[Blair Roberts, his wife Melissa, and their two daughters make their home in Regina, SK, where Blair works at the Glen Elm Church of Christ. In spare time, Blair is a book fiend and a sports fan, faithful to both Roughriders and Canadiens.]
The first direction is impatient waiting. Complaining while waiting. Selfishly waiting. Call it what you want, but waiting in the negative sense. We want something, we want it now. It’s as if what we are waiting for is less important than us. That us getting what we want is more important than what we are waiting for. We do this with lots of things. For me, it’s football/hockey season. Every year when the seasons finish, I slink into a depression of sorts, empty inside, desperately awaiting July 1 and that first week in October when the world will be set to rights again. But the truth is, those things come back every year, and the older I get, the more I realize how little they matter. Time waiting impatiently for something that doesn’t bring the satisfaction you dream it will. Another example is waiting in a long line, say at a bank. We don’t enjoy this process. We do nothing but stand, look at our watches and make impatient grunts to those around us because they understand. We get to the front, roll our eyes at the cashier as if they were at fault, and leave feeling unsatisfied. This type of waiting even happens amongst Christians awaiting the return of Jesus. There are some that would say He will come back soon, so why bother caring for the planet, why bother serving the poor, we are waiting for Jesus to come whisk us away. It’s a way of waiting that says we are what’s important, not the return of Jesus. This posture makes me uncomfortable. If Jesus came back and that’s the way I was living, I don’t want to know what he would say to me.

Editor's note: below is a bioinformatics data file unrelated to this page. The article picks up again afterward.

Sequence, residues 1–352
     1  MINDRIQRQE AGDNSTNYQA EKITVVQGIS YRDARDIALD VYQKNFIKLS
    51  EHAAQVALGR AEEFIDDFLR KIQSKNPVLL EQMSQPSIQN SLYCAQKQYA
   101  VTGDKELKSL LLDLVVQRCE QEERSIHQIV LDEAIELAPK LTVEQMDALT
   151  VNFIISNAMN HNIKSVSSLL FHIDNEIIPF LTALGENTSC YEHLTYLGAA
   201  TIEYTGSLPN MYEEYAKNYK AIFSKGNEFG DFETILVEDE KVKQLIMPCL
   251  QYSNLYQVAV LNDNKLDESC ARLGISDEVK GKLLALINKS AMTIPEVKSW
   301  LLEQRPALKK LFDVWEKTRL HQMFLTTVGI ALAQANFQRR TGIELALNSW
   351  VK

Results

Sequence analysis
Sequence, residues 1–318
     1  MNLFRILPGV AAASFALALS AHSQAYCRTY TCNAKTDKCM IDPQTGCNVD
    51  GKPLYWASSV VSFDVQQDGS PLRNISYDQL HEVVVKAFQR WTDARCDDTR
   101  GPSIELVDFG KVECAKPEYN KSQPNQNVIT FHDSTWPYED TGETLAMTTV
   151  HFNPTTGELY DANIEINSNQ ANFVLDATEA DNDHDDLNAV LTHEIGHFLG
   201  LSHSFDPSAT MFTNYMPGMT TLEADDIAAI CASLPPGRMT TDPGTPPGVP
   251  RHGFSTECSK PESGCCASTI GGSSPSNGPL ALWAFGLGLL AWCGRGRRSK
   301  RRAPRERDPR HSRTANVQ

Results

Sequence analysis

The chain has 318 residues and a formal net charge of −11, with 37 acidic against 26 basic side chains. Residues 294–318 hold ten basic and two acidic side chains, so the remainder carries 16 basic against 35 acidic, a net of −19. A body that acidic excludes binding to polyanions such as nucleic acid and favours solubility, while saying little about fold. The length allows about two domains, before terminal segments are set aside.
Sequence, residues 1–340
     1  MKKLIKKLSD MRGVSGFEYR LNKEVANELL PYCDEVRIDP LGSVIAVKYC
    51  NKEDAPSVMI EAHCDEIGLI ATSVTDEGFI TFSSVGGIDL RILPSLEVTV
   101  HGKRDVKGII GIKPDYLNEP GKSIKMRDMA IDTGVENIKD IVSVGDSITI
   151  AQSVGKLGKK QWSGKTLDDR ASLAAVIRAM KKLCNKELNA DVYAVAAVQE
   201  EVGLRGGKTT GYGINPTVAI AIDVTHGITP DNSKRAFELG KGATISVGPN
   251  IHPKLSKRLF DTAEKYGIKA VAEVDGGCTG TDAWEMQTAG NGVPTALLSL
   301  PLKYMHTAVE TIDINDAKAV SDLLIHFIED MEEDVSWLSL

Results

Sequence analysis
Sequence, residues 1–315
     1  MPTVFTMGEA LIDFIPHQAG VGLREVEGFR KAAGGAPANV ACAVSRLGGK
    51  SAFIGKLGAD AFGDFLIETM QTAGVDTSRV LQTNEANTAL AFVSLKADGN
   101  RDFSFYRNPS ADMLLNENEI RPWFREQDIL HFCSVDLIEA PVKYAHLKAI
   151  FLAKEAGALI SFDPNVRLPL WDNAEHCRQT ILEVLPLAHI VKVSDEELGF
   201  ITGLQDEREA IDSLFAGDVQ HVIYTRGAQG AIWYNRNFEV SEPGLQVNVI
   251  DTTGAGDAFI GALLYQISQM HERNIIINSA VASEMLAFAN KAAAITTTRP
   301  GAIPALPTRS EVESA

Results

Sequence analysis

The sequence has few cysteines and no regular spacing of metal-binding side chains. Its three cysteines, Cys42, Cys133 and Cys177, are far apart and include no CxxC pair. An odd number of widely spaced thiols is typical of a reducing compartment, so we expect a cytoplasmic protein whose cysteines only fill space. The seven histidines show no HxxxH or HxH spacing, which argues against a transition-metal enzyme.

Then there’s another direction. Patiently waiting. Sincerely waiting. Anxiously awaiting. Call it what you want, but this is the waiting we are called to. It reminds me of someone who is an expert at their craft. While some are naturally talented, there is not one who is naturally an expert. They train vigorously, for years upon years to become excellent in what they do. I want to be an excellent waiter. Where I am anxiously awaiting the return of Jesus by practicing the way he wants me to live. None of us are ready for Jesus as we are now, so we must spend our time honing the craft of loving God and loving others so we are ready when he comes. Serving others. Following him. Giving of myself. Patiently putting in the practice of the presence of God in my life so that when he comes, my waiting will not have been selfish or careless, but beneficial and creating growth in myself and the world around me. I don’t want to just stand here, looking at my watch and groaning, complaining to others about why Jesus hasn’t come yet. I want to ready myself, as if preparing for a great guest, the greatest guest. Caring for people, for the world, for the things God cares about. Preparing others for his coming. I want to be ready, so that when he comes I can smile and feel at peace, rather than panic and scramble to be ready. If we really are waiting, and if we really believe that the gift of Jesus returning is the most incredible gift we could receive, we cannot wait selfishly. We cannot wait as if we are what is important. Jesus is all that matters. And if Jesus matters, so does the way in which we wait. The challenge for me is knowing the type of waiting I am called to and following through on that, rather than falling back on what’s easier for me. May God find us waiting the way he desires us to.